Pancreatic ductal adenocarcinoma (PDA) is one of the deadliest human cancers without clinically effective treatment options. PDA is characterized by intense fibro-inflammatory stroma, poor vascularization, dysregulated nutrient levels, and rich deposition of extracellular matrix (ECM) components. The microenvironment of a pancreatic tumor is highly stromal, which means that the mass itself is composed primarily of connective tissue and non-cancerous immune cells. Hyaluronic acid or hyaluronan (HA) is a major stromal component and its accumulation has been shown to play a central role in promoting tumorigenesis and disease progression.
Hyaluronic acid, or HA, is a known presence in pancreatic tumors, but a new study by researchers at the University of Michigan Health Rogel Cancer Center shows that hyaluronic acid also acts as food for cancer cells.
The results were recently published in eLife and provide exciting insights into the growth of pancreatic cancer cells, pointing to new possibilities for treating them.
Principal Investigator Dr. Costas Lyssiotis and his study team examined pancreatic cancer metabolism in preclinical models: how cells obtain nutrients and the spectrum of nutrients they use to fuel growth and enable therapeutic resistance.
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Many people take hyaluronic acid supplements for its skin benefits, especially to relieve dry skin, reduce the appearance of fine lines and wrinkles, and speed wound healing.
It may also help relieve joint pain in people with osteoarthritis.
Hyaluronic acid is a substance naturally present in the skin, eyes and joints.
Its main function is to trap water inside tissue cells, keeping joints lubricated, which a recent study suggests may be the driving factor in the increase in cancerous pancreatic tumors.
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“The stroma occurs in the body’s natural healing process,” Lyssiotis explained.
“As these scars form, an abundance of hyaluronic acid is released.”
Hyaluronic acid, a polymer or long chain of sugars, attracts and retains water.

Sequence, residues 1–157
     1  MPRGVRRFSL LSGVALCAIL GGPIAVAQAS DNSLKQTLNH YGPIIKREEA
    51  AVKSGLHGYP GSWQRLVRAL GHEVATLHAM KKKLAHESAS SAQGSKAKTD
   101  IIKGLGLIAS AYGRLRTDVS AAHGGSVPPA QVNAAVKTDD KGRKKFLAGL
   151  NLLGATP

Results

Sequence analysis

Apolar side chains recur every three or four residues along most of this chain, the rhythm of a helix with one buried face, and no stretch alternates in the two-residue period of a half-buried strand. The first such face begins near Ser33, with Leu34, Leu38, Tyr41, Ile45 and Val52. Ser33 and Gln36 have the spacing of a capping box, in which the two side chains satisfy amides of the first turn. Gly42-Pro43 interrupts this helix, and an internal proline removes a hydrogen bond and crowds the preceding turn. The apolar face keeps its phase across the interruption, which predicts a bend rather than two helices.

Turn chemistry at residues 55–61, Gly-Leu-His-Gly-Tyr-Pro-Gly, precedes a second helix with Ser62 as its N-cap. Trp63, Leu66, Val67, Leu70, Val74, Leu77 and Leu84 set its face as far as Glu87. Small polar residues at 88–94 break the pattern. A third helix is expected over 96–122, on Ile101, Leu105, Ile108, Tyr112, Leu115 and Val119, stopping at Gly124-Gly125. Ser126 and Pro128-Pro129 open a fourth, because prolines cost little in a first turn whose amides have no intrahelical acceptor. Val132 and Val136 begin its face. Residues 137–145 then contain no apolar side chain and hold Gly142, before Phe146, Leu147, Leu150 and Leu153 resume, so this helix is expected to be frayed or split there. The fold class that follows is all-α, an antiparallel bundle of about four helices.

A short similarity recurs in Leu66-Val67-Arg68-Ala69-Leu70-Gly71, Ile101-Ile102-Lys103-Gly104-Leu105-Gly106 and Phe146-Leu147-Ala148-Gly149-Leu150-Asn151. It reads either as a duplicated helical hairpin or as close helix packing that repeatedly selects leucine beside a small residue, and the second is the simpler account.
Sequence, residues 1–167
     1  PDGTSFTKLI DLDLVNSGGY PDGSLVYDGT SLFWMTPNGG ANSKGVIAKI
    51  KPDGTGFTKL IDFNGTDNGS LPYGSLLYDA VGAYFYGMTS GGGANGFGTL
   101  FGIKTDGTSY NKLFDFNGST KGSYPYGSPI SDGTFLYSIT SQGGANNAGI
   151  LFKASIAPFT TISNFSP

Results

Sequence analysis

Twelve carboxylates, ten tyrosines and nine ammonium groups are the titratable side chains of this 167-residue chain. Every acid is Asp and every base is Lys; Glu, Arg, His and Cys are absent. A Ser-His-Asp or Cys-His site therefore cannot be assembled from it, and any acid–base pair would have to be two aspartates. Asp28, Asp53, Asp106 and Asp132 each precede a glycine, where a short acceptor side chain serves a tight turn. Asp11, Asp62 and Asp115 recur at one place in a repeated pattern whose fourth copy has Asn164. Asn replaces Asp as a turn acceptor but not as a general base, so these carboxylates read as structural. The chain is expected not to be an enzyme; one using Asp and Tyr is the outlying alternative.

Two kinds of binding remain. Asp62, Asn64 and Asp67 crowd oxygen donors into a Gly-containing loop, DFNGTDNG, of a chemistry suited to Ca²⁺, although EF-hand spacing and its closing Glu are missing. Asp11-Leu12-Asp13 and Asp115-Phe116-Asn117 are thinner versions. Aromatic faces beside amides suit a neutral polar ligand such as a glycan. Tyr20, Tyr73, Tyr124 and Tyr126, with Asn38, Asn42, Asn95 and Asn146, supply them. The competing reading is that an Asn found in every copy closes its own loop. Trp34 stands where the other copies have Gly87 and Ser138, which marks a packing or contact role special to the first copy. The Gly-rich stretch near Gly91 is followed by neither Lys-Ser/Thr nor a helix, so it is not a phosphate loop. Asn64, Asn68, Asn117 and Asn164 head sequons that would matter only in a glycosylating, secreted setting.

When there are a lot of them, pancreatic tumors become hyperdense, collapse veins and blood flow.
Lyssiotis says that these tumors then become very hard.
“It’s not that there aren’t any veins or arteries inside the tumor. But the vascular system there cannot withstand the extreme pressure.
Lyssiotis and his lab wanted to understand hyaluronic acid beyond its contribution to the physiological makeup of pancreatic cancer cells.
They looked at the density of these tumors and asked themselves: if cancer cells don’t have access to blood-derived nutrients, how do they get the nutrients that fuel cell growth and become tumors?
The cells that make up a tumor are a combination of many different cell types, some malignant, some not.
The microenvironment of a pancreatic tumor is mainly composed of connective tissue and non-cancerous immune cells.
New work from the lab indicates that one-way cells do this by scavenging hyaluronic acid itself.
“Hyaluronic acid doesn’t just affect tumors by creating this density, which makes it difficult to treat,” Lyssiotis said.
“It’s literally a chain of sugars. In retrospect, it makes sense that malignant cells also feed on hyaluronic acid.
According to Lyssiotis, this study demonstrates how well pancreatic cancer cells scavenge nutrients in order to maintain their survival and growth.
Symptoms of pancreatic cancer include abdominal pain that radiates to the back, loss of appetite, jaundice, light-colored stools, dark urine, or itchy skin.